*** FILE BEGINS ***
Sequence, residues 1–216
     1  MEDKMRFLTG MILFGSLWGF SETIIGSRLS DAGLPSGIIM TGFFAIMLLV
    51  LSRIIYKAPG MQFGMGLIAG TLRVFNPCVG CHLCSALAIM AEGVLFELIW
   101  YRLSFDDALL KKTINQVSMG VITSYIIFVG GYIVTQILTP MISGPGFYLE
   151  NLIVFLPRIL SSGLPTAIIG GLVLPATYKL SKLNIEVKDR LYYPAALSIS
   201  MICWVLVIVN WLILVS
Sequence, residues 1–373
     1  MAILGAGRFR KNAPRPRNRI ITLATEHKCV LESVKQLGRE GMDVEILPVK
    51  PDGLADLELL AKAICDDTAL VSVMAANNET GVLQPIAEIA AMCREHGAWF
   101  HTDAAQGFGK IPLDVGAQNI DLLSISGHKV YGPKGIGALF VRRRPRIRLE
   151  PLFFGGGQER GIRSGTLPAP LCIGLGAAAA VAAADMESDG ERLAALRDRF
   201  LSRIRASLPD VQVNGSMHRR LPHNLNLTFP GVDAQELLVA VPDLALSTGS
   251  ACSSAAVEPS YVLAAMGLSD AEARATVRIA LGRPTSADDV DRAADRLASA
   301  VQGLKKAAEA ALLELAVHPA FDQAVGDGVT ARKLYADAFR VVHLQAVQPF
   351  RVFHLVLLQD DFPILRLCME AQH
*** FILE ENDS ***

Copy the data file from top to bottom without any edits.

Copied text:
Sequence, residues 1–216
     1  MEDKMRFLTG MILFGSLWGF SETIIGSRLS DAGLPSGIIM TGFFAIMLLV
    51  LSRIIYKAPG MQFGMGLIAG TLRVFNPCVG CHLCSALAIM AEGVLFELIW
   101  YRLSFDDALL KKTINQVSMG VITSYIIFVG GYIVTQILTP MISGPGFYLE
   151  NLIVFLPRIL SSGLPTAIIG GLVLPATYKL SKLNIEVKDR LYYPAALSIS
   201  MICWVLVIVN WLILVS
Sequence, residues 1–373
     1  MAILGAGRFR KNAPRPRNRI ITLATEHKCV LESVKQLGRE GMDVEILPVK
    51  PDGLADLELL AKAICDDTAL VSVMAANNET GVLQPIAEIA AMCREHGAWF
   101  HTDAAQGFGK IPLDVGAQNI DLLSISGHKV YGPKGIGALF VRRRPRIRLE
   151  PLFFGGGQER GIRSGTLPAP LCIGLGAAAA VAAADMESDG ERLAALRDRF
   201  LSRIRASLPD VQVNGSMHRR LPHNLNLTFP GVDAQELLVA VPDLALSTGS
   251  ACSSAAVEPS YVLAAMGLSD AEARATVRIA LGRPTSADDV DRAADRLASA
   301  VQGLKKAAEA ALLELAVHPA FDQAVGDGVT ARKLYADAFR VVHLQAVQPF
   351  RVFHLVLLQD DFPILRLCME AQH